Broad Street Brief: SEPTA, Law Enforcement to Receive Federal Funding; Number of Police Potentially Abusing Disability Drops Drastically
December 22, 2022
December 22, 2022
Last week, Pennsylvania Governor Tom Wolf announced that Philadelphia law enforcement will be receiving an influx of $25 million to assist in current efforts to quell the city’s persistent rates of gun violence. The funding comes from the 2021 American Rescue Plan Act (ARPA), and is part of two larger statewide grant programs administered by the Pennsylvania Commission on Crime and Delinquency — the Local Law Enforcement Support Program and the Gun Violence Investigation & Prosecution Program. While many have celebrated the monetary assistance to help address this dire problem, some critics would like to have seen more of the funding allocated to community-based violence reduction programs rather than just to police departments and district attorney’s offices. Philadelphia recently recorded its 500th homicide this year, surpassing the milestone for the second consecutive year.
On Monday, federal transit officials announced that the Southeastern Pennsylvania Transit Authority (SEPTA) would be receiving $56 million for renovations to six elevated stations along the system’s Broad Street and Market-Frankford Lines that will increase accessibility for transit riders with mobility-related disabilities. The grant funding is expected to cover half of the total budget for the installation of elevators and ramps, among other improvements, with city and state funding to cover the rest. The stations slated for renovation were constructed well before the passing of the Americans with Disabilities Act in 1990.
Earlier this year, the Philadelphia Inquirer published an investigation into the sudden uptick in the number of Philadelphia police officers who were deemed too injured to work — including completing non-rigorous tasks, such as testifying in court cases — by Fraternal Order of Police-selected doctors, some of whom engaged in questionable practices. These officers continued collecting their full paychecks throughout the duration of their alleged injuries, often with the addition of a 20% raise in the form of Pennsylvania Heart and Lung Act tax breaks, which have no cap on the length of the benefit or number of claims someone can submit throughout their career. The Inquirer has now found that the number of police officers on leave due to reported injuries has decreased sharply — by approximately 31% — in the time since the initial reporting and subsequent decrying of disability benefit abuse by Police Commissioner Danielle Outlaw.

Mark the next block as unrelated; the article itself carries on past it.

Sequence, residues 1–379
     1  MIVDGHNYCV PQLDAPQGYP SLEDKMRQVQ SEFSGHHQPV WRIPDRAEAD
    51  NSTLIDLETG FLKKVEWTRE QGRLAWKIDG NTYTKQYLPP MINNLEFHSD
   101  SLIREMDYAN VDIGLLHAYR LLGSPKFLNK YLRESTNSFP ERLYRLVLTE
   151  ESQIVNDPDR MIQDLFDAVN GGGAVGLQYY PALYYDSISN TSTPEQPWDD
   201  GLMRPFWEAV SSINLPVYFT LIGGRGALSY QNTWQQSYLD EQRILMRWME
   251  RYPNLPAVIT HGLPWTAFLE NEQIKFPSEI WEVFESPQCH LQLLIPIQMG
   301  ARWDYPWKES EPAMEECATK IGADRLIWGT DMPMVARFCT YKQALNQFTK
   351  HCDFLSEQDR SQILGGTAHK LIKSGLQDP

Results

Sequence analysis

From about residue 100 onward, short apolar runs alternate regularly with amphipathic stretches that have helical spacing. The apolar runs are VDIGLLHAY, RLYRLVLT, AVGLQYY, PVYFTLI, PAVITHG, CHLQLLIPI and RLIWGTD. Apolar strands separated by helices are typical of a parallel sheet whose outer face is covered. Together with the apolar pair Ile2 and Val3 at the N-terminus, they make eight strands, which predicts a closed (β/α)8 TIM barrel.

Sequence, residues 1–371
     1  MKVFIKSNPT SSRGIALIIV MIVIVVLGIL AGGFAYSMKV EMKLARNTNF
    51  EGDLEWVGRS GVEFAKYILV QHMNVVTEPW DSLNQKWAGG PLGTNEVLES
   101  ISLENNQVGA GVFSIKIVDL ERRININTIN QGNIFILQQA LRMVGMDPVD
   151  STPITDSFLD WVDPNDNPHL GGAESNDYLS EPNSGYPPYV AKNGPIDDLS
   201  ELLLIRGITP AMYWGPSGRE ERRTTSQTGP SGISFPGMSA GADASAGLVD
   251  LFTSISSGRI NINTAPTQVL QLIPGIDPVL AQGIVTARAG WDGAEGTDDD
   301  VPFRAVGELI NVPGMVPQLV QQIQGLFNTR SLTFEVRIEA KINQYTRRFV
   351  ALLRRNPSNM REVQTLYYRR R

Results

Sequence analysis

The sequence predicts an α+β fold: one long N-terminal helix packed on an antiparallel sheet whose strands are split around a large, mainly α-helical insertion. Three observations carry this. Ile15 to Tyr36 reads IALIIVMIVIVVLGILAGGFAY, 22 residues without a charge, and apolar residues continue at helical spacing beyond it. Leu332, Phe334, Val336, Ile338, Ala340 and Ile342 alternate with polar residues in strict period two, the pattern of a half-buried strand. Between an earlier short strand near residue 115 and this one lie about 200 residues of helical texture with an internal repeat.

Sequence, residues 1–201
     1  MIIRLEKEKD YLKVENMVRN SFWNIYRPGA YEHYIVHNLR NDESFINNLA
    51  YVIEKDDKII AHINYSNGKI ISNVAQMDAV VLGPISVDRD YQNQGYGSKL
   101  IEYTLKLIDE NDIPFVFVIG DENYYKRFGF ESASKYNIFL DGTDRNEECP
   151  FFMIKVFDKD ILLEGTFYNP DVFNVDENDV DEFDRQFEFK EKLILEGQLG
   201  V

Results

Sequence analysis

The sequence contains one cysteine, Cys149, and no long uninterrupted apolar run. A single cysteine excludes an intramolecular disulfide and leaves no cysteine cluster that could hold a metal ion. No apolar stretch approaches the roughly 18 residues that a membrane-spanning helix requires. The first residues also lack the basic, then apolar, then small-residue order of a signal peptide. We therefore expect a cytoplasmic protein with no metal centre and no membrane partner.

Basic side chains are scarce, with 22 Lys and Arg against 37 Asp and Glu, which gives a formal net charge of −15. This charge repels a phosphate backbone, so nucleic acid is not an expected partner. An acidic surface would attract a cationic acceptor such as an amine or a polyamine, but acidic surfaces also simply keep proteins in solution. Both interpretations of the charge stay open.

Earlier this week, Philadelphia School District Superintendent Tony B. Watlington, Sr., announced a restructuring of his leadership team in order to begin making rapid improvements to the large, urban school system. The restructuring includes several promotions and two new hires, all of which are intended to support the superintendent’s three primary goals — to improve student attendance, teacher attendance, and dropout rates. While representatives of groups such as the Philadelphia Federation of Teachers and The Teamsters Local 502 are somewhat skeptical, they remain hopeful that the restructuring will lead to lasting changes and have pledged to continue supporting the superintendent’s goals.
Last week, the Philadelphia Office of Immigrant Affairs unveiled a new Language Services Usage dashboard, which contains detailed data about which languages Philadelphians utilize when accessing city services. According to the dashboard, the city’s many departments and agencies provided 87,000 interpretations and 1,600 translations between July 1, 2021, and June 30, 2022. These interpretations and translations covered 85 different languages. The database is intended to help City employees, researchers, community organizations better understand the breadth of languages that are spoken in Philadelphia.
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June 5, 2023
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